Yesterday’s Opening Day rally at the Colorado legislature featured a motley crew of color-coded far-right activists (we are not making up the color-coded thing), sounding off on a range of issues from opposition to childhood vaccination to the state’s new “red flag” law to protect the public from preventable gun violence–and a range of more bizarre issues in between like conspiracy theories about 5G cell phone service. Also in attendance were members of the Proud Boys, a neo-fascist “pro-Western civilization” group regularly involved in political street violence.
Here’s how 9NEWS’ Kyle Clark summarized the contrast between “the Republicans inside the building” and “the Republicans outside.”
We got a glimpse today of the difficult position that the minority Republicans are in when you compare their stated legislative priorities to what their supporters rally for on the capitol steps.
Republicans inside called for transportation funding.
Republicans outside carried anti-vaxxer signs.
Republican inside linked teacher performance with bonuses.
Republicans outside linked former President Obama and Hitler.
Republicans inside included a call for bipartisanship.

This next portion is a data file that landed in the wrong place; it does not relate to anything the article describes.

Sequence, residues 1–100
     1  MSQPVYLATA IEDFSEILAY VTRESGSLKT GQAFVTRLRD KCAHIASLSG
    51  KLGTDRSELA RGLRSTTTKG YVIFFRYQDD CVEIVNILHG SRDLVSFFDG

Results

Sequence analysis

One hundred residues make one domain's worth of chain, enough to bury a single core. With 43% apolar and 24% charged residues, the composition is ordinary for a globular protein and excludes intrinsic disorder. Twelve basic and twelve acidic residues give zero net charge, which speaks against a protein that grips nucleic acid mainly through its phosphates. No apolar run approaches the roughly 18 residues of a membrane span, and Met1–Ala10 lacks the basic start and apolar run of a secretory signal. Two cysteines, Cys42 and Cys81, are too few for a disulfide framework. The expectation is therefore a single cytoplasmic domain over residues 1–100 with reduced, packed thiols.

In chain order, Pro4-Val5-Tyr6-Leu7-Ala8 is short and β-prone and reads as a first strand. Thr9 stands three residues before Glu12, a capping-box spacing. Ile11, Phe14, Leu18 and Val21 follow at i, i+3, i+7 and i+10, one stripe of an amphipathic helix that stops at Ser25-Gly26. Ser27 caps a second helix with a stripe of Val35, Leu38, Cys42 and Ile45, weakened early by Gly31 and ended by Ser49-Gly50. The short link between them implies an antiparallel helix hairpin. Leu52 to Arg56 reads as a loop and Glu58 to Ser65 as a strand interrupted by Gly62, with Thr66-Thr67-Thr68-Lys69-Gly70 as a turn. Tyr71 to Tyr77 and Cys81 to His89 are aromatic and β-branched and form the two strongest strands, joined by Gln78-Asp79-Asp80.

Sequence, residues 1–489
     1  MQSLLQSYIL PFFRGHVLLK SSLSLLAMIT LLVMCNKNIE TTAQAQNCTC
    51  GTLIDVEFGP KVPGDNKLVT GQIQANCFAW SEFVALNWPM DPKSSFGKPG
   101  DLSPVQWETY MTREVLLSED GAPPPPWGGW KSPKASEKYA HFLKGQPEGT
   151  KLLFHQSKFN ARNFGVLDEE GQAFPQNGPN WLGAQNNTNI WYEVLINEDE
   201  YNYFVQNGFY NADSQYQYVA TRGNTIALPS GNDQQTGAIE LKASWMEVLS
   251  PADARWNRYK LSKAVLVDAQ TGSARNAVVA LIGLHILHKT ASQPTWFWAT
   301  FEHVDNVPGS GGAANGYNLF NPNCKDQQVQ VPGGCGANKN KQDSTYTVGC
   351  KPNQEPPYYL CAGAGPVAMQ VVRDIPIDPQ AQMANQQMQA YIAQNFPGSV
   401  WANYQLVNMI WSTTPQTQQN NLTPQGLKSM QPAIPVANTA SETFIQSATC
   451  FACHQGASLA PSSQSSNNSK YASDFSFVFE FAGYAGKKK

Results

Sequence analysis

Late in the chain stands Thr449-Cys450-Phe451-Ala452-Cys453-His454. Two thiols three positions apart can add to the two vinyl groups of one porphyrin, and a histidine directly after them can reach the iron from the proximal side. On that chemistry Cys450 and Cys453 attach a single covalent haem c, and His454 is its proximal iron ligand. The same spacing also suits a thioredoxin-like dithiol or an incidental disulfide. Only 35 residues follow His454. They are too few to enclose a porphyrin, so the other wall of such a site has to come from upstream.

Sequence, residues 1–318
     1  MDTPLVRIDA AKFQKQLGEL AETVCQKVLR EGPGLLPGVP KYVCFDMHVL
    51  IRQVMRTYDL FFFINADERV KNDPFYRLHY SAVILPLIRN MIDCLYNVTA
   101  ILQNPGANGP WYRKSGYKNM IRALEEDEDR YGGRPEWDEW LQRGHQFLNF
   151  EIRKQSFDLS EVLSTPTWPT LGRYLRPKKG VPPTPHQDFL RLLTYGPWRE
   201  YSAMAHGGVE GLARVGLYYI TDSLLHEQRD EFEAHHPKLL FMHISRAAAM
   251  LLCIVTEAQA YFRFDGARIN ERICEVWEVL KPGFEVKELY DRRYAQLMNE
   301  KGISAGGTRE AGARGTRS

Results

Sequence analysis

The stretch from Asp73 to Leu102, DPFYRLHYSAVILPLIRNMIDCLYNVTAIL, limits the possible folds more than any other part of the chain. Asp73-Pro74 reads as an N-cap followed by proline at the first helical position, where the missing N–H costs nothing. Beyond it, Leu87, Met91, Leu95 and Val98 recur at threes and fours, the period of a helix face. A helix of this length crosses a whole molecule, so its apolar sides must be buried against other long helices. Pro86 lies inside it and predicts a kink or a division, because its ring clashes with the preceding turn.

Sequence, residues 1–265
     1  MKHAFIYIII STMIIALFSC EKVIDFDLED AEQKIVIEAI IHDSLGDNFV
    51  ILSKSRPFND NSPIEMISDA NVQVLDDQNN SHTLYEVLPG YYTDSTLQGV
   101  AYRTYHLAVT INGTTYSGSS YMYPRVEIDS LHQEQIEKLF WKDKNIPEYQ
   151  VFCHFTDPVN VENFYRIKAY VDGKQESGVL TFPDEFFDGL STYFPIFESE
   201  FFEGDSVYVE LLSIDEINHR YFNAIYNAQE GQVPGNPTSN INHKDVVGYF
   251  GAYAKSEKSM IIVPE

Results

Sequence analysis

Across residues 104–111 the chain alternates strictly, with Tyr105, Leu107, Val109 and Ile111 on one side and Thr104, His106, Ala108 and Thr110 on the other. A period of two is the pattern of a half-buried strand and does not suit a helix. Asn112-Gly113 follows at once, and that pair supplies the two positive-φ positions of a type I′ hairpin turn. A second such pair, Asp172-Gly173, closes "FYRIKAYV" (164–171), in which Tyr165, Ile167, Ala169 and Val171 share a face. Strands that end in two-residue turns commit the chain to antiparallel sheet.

Republicans outside included the Proud Boys, recently featured in a 9 Wants To Know investigation on hate in our state.
So that is the trouble that looms ahead for the Republicans inside the state capitol. They have to answer to the Republicans outside.
The only thing we’re obliged to add is the photo collage at the top, courtesy the Colorado Times Recorder, which closes the loop in this discussion of the Republicans “inside the capitol” versus the right-wing protesters who turned out in force outside to vent their particular flavor of misguided rage. The protesters outside the capitol yesterday were eventually joined by a large contingent of elected Republican lawmakers–including House Minority Leader Patrick Neville, Rep. Dave Williams, Rep. Lori Saine “In The Membrane,” Rep. Susan Beckman, and a number of others.
That’s critical to understand. The Republicans inside the capitol went outside.
Once that happened, it was no longer possible–or necessary–to tell the “inside” and “outside” Republicans apart.